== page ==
Similarly the Muslim immigrants were needed by Turkey to resettle the lands of Anatolia. And so some two million people were forced to leave their homes and set up new lives overnight in countries they had never known. Greece and Turkey had now been established on religious lines which only made matter more bizarre as the Christian immigrants to Greece spoke almost no Greek and the Muslim immigrants to Anatolia were fluent in Greek but knew almost no Turkish. Religion not language or even ethnicity became the distinguisher in this case.

The Jews were thus the only remnants of the old Salonica but that too was to change. The Germans invaded Greece in April 1941 and by the next month the country had been partitioned with Italy in charge of the southern half and Germany the northern. Soon enough Jews were asked to wear stars and identify their homes, the Jewish areas were ghettoed. Within five weeks of the German arrival deportations to Auschwitz started. Some 2800 left on the first train. By the end almost no Jews (save around fifteen) remained.

There are some remnants of the past still. The old hamams are still there in Salonica. Some of them about to tumble over any second. Having been ignored for decades, tourism (of which there isn’t much in Thessaloniki) has revived a little interest in them and there was some renovation work on while I was there. There aren’t any mosques any more (at least none of the old ones survive). The waterfront which is the hub of activity is lined with block shaped buildings; all built in the aftermath of the fire. In establishing its Greekness the city’s Ottoman past was swept away and ancient history embraced.

The area around the train station used to be the main prostitution hub of the city. It is still extremely seedy and I had a most unpleasant experience of being chased down a deserted path by a scary Greek man who kept asking me if I was from Bulgaria and wanted a good time for good money. It is the old city, the Anopoli, which still shows some signs of what the city must have been like. Old Turkish houses survive (including the one Atatürk was born in), the streets are narrow and winding and thinking back it could have just as easily been a district of Istanbul. And then of course there’s climbing the citadel which leaves you breathless, not only because the climb was so steep but because the entire Thermaic Gulf stretches out before you and the sight is incredibly beautiful.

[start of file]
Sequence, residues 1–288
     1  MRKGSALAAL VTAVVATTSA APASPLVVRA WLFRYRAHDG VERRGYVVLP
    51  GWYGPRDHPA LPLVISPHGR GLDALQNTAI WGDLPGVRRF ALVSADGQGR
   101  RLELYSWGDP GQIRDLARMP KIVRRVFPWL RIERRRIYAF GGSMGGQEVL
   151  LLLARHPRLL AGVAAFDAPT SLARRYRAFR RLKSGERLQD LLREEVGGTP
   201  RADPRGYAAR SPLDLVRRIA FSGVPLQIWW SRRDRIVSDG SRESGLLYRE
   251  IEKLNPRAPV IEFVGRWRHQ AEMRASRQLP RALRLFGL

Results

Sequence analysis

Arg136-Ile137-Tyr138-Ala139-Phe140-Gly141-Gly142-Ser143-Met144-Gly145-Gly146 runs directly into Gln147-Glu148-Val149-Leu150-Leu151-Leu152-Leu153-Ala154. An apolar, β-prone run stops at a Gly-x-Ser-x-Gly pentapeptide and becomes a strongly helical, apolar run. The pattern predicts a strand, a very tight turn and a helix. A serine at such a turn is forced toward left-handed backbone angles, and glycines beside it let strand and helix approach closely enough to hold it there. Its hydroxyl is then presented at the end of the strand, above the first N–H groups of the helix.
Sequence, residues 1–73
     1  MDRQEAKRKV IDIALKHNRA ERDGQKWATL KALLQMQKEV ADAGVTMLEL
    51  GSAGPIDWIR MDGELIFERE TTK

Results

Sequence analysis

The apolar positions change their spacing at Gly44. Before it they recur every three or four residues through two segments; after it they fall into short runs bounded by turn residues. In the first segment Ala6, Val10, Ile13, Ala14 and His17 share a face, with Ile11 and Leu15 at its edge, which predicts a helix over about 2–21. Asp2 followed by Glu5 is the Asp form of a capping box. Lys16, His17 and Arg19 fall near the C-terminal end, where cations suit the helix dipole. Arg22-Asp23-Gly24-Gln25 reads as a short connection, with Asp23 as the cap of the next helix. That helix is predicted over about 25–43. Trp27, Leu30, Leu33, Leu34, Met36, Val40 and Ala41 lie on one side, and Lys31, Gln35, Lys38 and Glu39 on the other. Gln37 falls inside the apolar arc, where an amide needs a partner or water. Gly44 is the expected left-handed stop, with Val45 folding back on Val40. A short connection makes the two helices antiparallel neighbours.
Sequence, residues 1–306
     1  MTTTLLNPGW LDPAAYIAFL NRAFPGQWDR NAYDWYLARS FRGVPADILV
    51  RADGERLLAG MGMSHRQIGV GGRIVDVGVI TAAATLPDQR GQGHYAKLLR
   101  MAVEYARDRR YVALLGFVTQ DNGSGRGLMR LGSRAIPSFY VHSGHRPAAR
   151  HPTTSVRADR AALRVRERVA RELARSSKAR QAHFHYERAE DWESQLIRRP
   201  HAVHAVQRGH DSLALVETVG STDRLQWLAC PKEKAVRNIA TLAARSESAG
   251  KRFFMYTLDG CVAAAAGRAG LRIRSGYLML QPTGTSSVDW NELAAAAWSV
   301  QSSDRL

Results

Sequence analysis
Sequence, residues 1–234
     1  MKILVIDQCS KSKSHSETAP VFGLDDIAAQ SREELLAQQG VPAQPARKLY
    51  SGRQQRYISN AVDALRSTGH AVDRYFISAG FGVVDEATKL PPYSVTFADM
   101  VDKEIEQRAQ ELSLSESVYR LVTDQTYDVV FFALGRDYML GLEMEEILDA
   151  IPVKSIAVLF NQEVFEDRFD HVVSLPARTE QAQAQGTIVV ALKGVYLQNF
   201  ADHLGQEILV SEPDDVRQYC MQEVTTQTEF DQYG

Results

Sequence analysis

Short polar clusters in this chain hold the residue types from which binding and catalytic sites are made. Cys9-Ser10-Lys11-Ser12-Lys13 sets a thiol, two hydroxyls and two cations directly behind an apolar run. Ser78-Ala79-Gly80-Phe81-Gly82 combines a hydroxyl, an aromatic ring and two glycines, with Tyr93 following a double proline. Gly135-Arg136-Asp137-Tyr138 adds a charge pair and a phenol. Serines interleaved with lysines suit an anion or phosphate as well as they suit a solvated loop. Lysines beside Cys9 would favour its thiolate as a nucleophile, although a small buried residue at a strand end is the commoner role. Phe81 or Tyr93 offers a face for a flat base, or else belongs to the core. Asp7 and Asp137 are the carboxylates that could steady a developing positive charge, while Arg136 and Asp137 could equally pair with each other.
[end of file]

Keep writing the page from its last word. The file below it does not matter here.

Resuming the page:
But there is still a tinge of sadness that cities like Thessaloniki carry. It’s easy to miss it but it is there. So many untold stories, so many dilapidated buildings, a sadness that tells of the people who used to once inhabit this place and are now long gone.


(1) I finally got my disposable cameras developed and that brought about this post. Looking at the pictures and thinking of my stay in Thessaloniki I really wish I could go back to that part of the world again. And I wish I had more pictures. Sigh.

(2) Most of the material for the post comes from Mark Mazower’s brilliant, brilliant
Salonica: City of ghosts. Highly recommended. Read it long before I left and again when I got back. Other references – Bruce Clark’s excellent Twice a Stranger: How Mass Expulsion Forged Modern Greece and Turkey and Andrew Mango’s Atatürk.

(3) Istanbul, the great bastard city of the Ottoman Empire is fodder for many such stories too. Visiting the old Greek or Jewish districts there was quite an experience too and perhaps I should write about those next. I miss Istanbul :(

7 comments:

Tabula Rasa said...

Nice post. All old cities have stories like that -- for example, have you read City of Djinns?

chandni said...

Amazing....sweethear if I keep reading u, if nothing else...my GK would increase!!!

And as mentioned above by Tabula, I did think of the City of Djinns too when I read ur post....

Its on Delhi and written quite well but I had most fun watching it in the form of a play!

30in2005 said...

Dying of envy!!!

thalassa_mikra said...

Very comprehensive and impressive post - excellent overview. But you knew I had to nitpick, given my stake in the matter :). So here goes -

1. Greece has always been a nominally Orthodox Christian, but essentially secular in all aspects country.

One of the reasons for the prominent role given to Orthodox Christianity in the initial years following Greek Independence was the monetary help provided by the Church to Greek freedom fighters.